Our project to expand undergraduate research at CCRI resulted in over 100 additional students participating in undergraduate research each semester of the 2015-2016 academic year. During the first semester, 111 students participated in five research courses in the sciences (biology and oceanography), social sciences (psychology), and business (personal finance).
Textbox 1: Course-based Undergraduate Research Projects at CCRI
Supporting Faculty to Promote Undergraduate Research
At community colleges like CCRI, there are a number of obstacles that may hinder faculty from implementing course-based undergraduate research, including time, resources, institutional support, and the short-term nature of the student population.11,21 While we could not address all of these issues in our project, we could provide institutional support in the form of a faculty learning community (FLC) to assist faculty in planning and developing undergraduate research experiences for their students.
An FLC is a small group of faculty members from a variety of disciplines who meet to engage in reflective scholarship over the course of a year.22,23 FLCs are a common way for faculty to support each other as they aim to improve their teaching practice, typically around a particular theme or initiative. There has been abundant research on how FLCs transform faculty thinking about teaching and learning by creating a supportive and collaborative environment that promotes professional growth.23,24 FLCs can help build community across disciplines, support particular college initiatives, and provide peer incentives for faculty development and improvement.25
In the summer of 2015, we launched an FLC at CCRI on planning and developing course-based undergraduate research experiences. It was designed to incorporate the essential characteristics of successful FLCs found in the academic literature. The community included seven faculty members who were interested in incorporating undergraduate research into their courses: five participants from different disciplines, plus the two authors of this brief, Mullaney and Kortz, who served as leader-participants. The group met seven times throughout the 2015-2016 academic year.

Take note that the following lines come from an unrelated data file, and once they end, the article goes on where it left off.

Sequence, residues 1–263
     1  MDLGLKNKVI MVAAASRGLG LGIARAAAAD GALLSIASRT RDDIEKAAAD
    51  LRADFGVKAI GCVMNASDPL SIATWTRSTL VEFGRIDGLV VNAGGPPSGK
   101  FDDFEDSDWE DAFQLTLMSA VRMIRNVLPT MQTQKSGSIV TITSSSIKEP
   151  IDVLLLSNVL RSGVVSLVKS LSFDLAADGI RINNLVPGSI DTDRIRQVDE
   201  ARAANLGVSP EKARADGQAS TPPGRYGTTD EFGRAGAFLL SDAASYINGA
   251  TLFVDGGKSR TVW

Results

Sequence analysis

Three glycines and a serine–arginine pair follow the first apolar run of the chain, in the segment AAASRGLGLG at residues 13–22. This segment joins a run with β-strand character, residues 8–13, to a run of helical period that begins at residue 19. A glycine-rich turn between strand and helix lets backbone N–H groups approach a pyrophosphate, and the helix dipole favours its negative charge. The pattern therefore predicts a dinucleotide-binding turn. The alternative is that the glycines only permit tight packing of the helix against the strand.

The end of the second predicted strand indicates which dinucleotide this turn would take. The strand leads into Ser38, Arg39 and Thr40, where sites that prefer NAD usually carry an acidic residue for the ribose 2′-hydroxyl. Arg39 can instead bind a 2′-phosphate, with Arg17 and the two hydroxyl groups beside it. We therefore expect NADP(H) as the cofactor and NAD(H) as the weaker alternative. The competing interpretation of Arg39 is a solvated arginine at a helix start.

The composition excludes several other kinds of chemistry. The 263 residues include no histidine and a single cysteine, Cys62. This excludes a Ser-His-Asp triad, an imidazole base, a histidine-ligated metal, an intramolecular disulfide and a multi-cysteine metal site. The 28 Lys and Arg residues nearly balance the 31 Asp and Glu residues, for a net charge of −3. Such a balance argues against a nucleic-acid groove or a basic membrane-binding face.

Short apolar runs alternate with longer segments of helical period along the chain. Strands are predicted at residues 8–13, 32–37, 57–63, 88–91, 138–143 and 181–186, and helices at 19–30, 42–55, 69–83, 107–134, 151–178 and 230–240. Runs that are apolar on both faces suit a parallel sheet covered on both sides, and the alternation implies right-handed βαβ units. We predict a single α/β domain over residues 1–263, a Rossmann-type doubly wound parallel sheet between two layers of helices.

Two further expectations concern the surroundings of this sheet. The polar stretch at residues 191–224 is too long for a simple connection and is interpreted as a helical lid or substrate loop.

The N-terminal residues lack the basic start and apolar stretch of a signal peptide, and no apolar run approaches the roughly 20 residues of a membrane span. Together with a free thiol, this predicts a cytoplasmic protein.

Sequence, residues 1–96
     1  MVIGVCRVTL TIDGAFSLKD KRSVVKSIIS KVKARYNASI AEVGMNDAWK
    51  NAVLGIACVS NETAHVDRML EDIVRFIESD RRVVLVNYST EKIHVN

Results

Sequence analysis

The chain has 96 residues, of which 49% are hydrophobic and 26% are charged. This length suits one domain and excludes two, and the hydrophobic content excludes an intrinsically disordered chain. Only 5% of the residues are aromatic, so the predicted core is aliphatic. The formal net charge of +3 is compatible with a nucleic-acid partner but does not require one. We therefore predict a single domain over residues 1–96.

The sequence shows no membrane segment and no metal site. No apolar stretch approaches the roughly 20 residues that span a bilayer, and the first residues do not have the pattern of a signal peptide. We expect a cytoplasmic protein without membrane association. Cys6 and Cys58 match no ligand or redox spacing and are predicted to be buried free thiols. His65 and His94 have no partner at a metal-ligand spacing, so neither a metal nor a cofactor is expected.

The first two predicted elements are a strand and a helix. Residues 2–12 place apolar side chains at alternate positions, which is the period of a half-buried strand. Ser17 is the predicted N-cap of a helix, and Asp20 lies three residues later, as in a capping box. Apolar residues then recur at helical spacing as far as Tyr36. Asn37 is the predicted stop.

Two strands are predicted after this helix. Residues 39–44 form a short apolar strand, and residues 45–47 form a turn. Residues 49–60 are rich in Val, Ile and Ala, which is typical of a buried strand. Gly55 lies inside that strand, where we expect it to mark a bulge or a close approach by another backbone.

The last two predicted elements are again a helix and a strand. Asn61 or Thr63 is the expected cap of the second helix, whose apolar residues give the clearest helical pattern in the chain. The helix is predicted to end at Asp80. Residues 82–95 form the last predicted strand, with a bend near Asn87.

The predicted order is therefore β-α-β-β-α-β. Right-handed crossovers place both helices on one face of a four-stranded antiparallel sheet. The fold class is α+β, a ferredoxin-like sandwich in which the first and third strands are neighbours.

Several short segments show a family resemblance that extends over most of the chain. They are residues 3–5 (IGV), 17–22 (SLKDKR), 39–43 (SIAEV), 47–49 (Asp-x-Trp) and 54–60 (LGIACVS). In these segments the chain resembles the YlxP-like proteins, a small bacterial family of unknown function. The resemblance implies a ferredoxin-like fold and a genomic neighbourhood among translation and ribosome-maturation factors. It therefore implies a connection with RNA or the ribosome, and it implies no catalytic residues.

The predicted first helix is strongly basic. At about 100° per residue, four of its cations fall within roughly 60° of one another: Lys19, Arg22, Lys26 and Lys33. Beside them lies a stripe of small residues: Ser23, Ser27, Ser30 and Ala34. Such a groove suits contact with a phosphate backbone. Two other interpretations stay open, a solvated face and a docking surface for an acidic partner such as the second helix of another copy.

With the support of the FLC, these faculty members were able to create and implement semester-long research projects that were required of every student in one of their classes. Project parameters varied to fit the class and the professor (in terms of the format of the final presentation, individual versus group work, etc.), but they all involved students collecting and analyzing data to answer research questions. Through the FLC, the faculty worked collaboratively to provide one another with advice and incorporate best practices into their undergraduate research courses.20 Some of the best practices that were discussed include building in frequent deadlines and feedback, making clear the purpose of each component of the research, and creating opportunities for students to reflect on how much they had learned.
Table 1: Implementing a Faculty Learning Community (FLC) on Undergraduate Research at CCRI
Source: Kamber, 2010. 22 Cox, 2015. 23 Cox, 2004; Wade, 2004; Schlitz et al., 2009; Fayne, 2011.26
Student Experiences of Course-Based Undergraduate Research
Midway through the 2015-2016 academic year, we conducted a survey to better understand the experiences of students participating in the course-based undergraduate research opportunities discussed above.(b) The survey was completed by 70 of the 111 students who participated in these courses during fall 2015 (a response rate of 63%). These students were slightly younger, less racially diverse, and more likely to be full-time students than the CCRI study body as a whole.
(b) The student surveys included multiple-choice and open-ended, short-answer questions about the impact of the course on their personal development and work-related skills. In our analysis we aggregated the results of the multiple-choice questions and used qualitative research methods to analyze the responses to open-ended questions.
Fig. 1 Demographics of CCRI Student Body and Our Survey Sample
Source: CCRI Office of Institutional Research & Planning
Overall, the students who completed our survey reacted positively to the course-based undergraduate research experiences. As shown in Figure 2, they reported gains in a number of areas, such as critical thinking and analysis of data, communication skills, and the ability to work in groups. These are the kinds of soft skills that employers value1 and that students may not develop in a more traditional course. Students were least likely to report gains in their abilities to critique the work of other students and solve complex problems. (It should be noted that these findings are based on students’ self-evaluations of the skills they gained.)
Student experiences varied somewhat across classes, likely because the skills emphasized in each research course varied. For example, the research projects for some courses required teamwork and solving complex problems, while others focused more on individual work and written communication. This variation in course design was reflected in the particular skills that students reported improving in each course. In the course where students worked in groups and divided up the labor of data collection, students were more likely to report feeling responsible for a part of the project than students in other courses.
Fig. 2 Skills Students Gained from Course-base Research (Self-Reported)
Source: Survey of 70 students participating in course-based undergraduate research at CCRI in fall 2015.
In their responses to open-ended questions, students explained some of the ways they believed the research experiences benefited them.(c) Not only did some students describe an increase in subject content knowledge, they also reported that various aspects of the project helped them feel more prepared for the workforce. Although students emphasized a variety of skills, over two-thirds of them mentioned soft skills like critical thinking and problem solving, communication and social skills, and real-world application of knowledge.